The Mooncake: A Treat, a Bribe or a Tradition Whose Time Has Passed?

Is the mooncake just going through a phase or are these new variations on the Chinese treat here to stay?

(© So Hing-Keung / Corbis)

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The only comprehensive mooncake study appears to be Sienna Parulis-Cook’s 2009 masters’ thesis for the School of Oriental and African Studies in London. In the 34-page paper, she cites a widely-held Chinese anecdote explaining how mooncakes were once “used by rebels to promulgate a major uprising against the Yuan Dynasty.” Mooncakes were “big business” in urban China by the late nineteenth century, she adds, and about a century ago, they were stamped with patriotic slogans and incorporated into national day celebrations.

Mooncakes can be emotionally moving. Wang Xiao Jian, a 27-year-old woman in Beijing, told me of a song that her late-grandfather, a tailor, once sang to her in the years leading up to his death. It chronicled how soldiers in China’s Red Army were retuning to their families and looking forward to teaching their grandchildren how to make mooncake. “It’s the best memory grandpa gave me," she said.

Although salted egg and lotus seed-green bean are among China’s most popular mooncake fillings, there are regional variations, such as nutty mooncakes in Beijing and extra-flaky ones in the eastern province of Suzhou. Mooncakes also vary widely across the Asia-Pacific region. Hong Kong, for example, has not yet seen “any mooncake having meat,” says Dr. Chan Yuk Wak, a professor at Hong Kong’s city university, while in Vietnam, traditional mooncakes are loaded with sausage, pork and lard.

Other, less official, mooncake tales abound. A brochure I picked up in the lobby of a hotel in Hanoi claims mooncakes were once “served only in Royal families.” An English-language chapbook about the mid-autumn festival in Vietnam says mooncakes are best eaten three days after baking so that oil can better seep into their shells. And the website cites a legend asserting that mooncakes were “instrumental” in China’s overthrow of the Mongol dynasty because residents passed notes to each other, hidden in mooncakes, calling for an uprising.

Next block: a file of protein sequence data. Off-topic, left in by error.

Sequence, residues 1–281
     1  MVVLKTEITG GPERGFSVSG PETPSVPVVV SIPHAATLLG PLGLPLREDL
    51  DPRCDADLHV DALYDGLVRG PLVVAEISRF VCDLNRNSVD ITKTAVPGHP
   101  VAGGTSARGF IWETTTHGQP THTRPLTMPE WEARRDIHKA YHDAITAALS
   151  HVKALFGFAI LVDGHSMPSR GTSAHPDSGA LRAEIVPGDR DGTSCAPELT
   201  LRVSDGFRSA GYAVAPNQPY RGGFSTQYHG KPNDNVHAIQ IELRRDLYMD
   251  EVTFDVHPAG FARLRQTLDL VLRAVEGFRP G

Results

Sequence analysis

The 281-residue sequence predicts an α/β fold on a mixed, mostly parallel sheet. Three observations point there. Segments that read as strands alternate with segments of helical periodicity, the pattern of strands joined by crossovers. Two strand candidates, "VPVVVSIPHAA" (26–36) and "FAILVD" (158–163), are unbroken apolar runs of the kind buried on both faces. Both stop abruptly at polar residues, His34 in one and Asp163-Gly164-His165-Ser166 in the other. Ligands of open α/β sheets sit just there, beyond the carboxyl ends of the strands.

But a common refrain across the region is that teens and 20-somethings are less excited about mooncake than their parents once were. According to Parulis-Cook, that could be because they don’t like the taste, don’t want to gain weight or are worried about food safety issues. Some young people in China and Hong Kong now eat uber-trendy mooncakes with names like “strawberry balsamic” or “Snowskin Banana with low-fat yoghurt.” Others eat none at all.

Nguyen Manh Hung, a 29-year-old Vietnamese chef, says he would never give his mother, whom he calls “very traditional,” a mooncake with a trendy filling like sticky rice or chocolate. However, he also thinks culinary innovation is healthy, and he buys more-adventurous mooncakes for his own nuclear family. “The traditional mooncakes are boring, and younger people don’t like to eat them too much,” he told me at the Hanoi Cooking Centre. “Nowadays it’s fashionable to want something different.”

Once a year, Hung bakes his own. It’s a labor of love: Sugar water must be cooked and then distilled in water for an entire year before it can be incorporated into batter, and assembling a traditional Vietnamese mooncake — which can include about 10 different salted ingredients — takes up to two days.

He may be in the vanguard of a shift toward DIY mooncakes. Kho, the New York-based food blogger, says he bakes his own mooncakes in Harlem. And in Beijing, editors at the Chinese food magazine Betty’s Kitchen tell Sienna Parulis-Cook, the American mooncake connoisseur, that although most apartments in China don’t come with ovens, many Chinese are buying stand-along ones and learning how to bake sweets, including cookies and mooncakes.

 Parulis-Cook, now 28 and a dining editor for a Beijing-based English-language magazine, once baked ice cream mooncakes with help from a recipe she found in Betty’s Kitchen. But she doesn’t much care for the taste of most mooncakes, and usually re-gifts the eight to 10 mooncakes she receives each lunar autumn from business associates to her Chinese colleagues.

Still she adds, “If I get more than my boss, it makes me feel really influential.”


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